Studying for the February exam? If you’re in one of Blueprint’s classroom courses, you’ve made it through the first four lessons and the first workshop. If you’re in the online course – or another course or self-studying for that matter – you should be around the same place in your learning as well: you’ve made it through the foundational material that will underpin and inform the rest of your studies.
We’re getting deep into the NBA playoffs. You may be tempted to avoid studying for the LSAT by watching these games, but with just about a month before the June exam, there isn’t a moment to waste. Fortunately, you can multitask and get some much-needed review of the common fallacies by paying close attention to the commentators in this series. Sports commentators fall victim to a lot of logical fallacies. This is especially true for TNT color man Reggie Miller. Here are some examples from the first-round Spurs-Clippers series …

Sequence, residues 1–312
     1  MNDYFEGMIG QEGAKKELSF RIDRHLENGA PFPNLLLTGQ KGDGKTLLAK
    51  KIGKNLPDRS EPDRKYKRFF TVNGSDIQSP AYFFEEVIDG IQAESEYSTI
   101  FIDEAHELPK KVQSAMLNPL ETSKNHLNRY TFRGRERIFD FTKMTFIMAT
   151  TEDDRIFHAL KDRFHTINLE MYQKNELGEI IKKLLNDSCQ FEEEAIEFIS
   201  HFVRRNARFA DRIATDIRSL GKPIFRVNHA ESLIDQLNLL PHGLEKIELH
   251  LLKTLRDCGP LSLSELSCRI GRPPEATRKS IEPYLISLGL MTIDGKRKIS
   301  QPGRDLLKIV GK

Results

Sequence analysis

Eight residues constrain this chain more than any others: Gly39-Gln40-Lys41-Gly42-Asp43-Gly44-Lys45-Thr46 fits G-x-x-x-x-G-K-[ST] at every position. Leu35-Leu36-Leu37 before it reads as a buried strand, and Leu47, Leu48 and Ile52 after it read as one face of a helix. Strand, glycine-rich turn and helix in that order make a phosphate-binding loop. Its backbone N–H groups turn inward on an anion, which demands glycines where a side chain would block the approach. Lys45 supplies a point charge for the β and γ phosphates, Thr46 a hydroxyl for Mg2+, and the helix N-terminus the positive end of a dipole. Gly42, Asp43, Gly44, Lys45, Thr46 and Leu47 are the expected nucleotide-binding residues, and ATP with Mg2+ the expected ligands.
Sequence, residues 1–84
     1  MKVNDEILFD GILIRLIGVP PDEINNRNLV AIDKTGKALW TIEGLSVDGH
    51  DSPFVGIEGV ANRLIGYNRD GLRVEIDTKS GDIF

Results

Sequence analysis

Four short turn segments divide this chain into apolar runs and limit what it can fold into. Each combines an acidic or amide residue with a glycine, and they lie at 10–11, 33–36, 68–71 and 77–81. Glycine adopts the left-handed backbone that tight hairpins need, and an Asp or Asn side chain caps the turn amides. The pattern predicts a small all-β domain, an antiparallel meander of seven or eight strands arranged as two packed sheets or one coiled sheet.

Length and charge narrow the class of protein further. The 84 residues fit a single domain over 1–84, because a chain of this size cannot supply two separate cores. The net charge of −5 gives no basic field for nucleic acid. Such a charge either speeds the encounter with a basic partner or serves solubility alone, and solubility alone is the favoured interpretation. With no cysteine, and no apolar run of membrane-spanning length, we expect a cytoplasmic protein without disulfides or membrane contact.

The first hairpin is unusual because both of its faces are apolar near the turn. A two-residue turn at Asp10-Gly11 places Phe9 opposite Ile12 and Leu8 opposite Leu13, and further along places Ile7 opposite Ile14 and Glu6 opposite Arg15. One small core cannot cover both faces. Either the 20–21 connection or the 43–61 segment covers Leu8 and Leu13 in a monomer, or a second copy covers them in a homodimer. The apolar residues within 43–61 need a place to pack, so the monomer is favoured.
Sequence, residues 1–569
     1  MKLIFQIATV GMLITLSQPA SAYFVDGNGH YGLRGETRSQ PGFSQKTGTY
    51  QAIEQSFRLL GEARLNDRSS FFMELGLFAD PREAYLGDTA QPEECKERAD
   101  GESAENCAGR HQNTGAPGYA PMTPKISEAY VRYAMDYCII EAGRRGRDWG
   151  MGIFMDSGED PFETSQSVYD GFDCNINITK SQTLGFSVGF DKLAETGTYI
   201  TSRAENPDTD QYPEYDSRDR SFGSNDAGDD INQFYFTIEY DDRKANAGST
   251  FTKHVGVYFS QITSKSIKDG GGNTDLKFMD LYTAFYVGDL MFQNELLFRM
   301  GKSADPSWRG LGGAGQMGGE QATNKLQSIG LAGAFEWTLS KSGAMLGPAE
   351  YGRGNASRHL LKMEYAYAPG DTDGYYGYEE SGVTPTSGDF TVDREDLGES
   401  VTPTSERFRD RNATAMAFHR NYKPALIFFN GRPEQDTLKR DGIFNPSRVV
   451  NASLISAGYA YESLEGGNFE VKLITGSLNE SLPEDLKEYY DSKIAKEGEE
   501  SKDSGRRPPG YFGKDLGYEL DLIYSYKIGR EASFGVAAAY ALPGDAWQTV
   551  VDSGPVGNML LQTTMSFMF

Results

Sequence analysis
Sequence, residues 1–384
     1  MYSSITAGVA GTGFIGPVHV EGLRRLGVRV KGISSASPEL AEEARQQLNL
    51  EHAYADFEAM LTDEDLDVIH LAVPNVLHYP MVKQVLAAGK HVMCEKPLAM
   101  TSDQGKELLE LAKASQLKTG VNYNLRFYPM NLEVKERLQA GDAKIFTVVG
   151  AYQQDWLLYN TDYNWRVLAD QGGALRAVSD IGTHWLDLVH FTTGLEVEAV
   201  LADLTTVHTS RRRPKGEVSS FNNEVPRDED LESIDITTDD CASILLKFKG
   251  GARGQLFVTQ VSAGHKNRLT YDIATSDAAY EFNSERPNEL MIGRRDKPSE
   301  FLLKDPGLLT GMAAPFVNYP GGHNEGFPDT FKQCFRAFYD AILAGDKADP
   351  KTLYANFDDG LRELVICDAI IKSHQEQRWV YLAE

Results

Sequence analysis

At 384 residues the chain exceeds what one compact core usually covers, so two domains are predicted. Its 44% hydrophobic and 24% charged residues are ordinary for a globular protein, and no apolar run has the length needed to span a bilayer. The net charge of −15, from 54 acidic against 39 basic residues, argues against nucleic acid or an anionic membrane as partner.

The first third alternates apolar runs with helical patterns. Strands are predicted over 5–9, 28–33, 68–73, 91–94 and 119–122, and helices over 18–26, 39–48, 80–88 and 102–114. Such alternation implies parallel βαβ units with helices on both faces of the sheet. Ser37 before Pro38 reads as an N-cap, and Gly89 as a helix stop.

In this series, the Spurs coach Gregg Popovich frequently employed the controversial Hack-a-Jordan strategy. This involves Pop sending one of his bench-riding scrubs out to deliberately foul star Clippers center DeAndre Jordan, and send him to the free throw line for two unobstructed shots. Why do this?